Friday, August 20, 2010

World Expo 2010 @ Shanghai

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I dislike queuing up;
I dislike queuing up for more than 30 minutes;
I dislike queuing up for more than 30 minutes under the sun;
I dislike queuing up for more than 30 minutes under the sun with people pushing from behind every 10 seconds;
I dislike queuing up for more than 30 minutes under the sun with people pushing from behind every 10 seconds without the slightest respect to the idea of queuing up.
The above pretty much summed up my experience at the World Expo 2010 at Shanghai.



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Don't get my wrong, regarding the queuing, I am not complaining at all but annoyed to be exact. I understand that changes require time and behavioral, social and cultural changes takes a long time to change. Most of the visitors who lined up with us at the expo were Chinese residents from different part of the China (perhaps just from Shanghai since each Shanghai resident get one ticket to the expo to my understanding / information). As seen from recent news coverages, there are many complaints about the uncivilized acts of many of the Chinese visitors. However, I think we should never jump into conclusion without fully understand the reasons or history behind the so-called uncivilized acts or behaviors. (Please allow me to go on before I talk about other disappointing aspect of the World Expo 2010, including the food of course)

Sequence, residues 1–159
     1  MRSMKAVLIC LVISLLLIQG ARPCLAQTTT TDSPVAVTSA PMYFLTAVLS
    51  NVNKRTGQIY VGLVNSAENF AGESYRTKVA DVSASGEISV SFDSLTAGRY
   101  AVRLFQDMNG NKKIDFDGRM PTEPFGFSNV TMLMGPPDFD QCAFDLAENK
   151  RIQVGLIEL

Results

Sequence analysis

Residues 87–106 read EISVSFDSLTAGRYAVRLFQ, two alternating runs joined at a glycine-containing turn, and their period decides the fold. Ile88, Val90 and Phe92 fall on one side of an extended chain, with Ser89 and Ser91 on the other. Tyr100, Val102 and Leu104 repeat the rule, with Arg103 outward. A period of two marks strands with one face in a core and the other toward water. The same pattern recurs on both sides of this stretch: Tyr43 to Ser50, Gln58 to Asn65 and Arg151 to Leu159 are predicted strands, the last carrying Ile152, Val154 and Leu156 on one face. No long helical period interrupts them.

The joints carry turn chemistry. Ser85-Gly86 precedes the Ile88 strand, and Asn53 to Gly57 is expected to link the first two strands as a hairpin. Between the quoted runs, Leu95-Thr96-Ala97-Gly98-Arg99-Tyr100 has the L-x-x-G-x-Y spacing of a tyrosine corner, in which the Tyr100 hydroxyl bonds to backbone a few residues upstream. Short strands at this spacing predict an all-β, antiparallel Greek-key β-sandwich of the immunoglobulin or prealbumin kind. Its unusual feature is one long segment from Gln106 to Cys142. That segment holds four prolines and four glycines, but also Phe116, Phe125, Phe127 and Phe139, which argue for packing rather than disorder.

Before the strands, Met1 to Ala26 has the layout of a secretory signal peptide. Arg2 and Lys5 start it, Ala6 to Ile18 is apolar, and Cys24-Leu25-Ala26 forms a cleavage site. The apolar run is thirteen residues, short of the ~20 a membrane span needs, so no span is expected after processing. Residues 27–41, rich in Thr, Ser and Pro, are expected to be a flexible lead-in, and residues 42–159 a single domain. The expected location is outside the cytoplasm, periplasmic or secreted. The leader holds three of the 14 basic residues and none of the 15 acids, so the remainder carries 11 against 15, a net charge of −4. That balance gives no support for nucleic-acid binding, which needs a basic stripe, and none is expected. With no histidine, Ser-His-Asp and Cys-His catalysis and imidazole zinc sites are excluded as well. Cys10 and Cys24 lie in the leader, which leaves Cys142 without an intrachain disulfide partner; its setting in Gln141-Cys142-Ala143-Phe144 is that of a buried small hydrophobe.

In my humble opinion, China has undergone several huge turmoils over the last 2 - 3 centuries and one of the more notable events in recent history has to be the Cultural Revolution during the period of 1966 - 1976. One of the key campaigns initiated by Chairman Mao was the Re-Education (上山下鄉運動) campaigns in 1968 where by urban-educated youths were sent to the rural areas and country-side to learn from the poor and peasants. Accordingly to some sources, over 16 millions urban youths from coastal urban cities were sent to the remote parts of China for re-education, including the communist values of course. Many intellects were also sent to the country-side as punishment as well. The original plan was to let all these youths return to the cities after the re-education but the campaign did not end well with plenty of the youths and intellects remained in the countryside even to this date.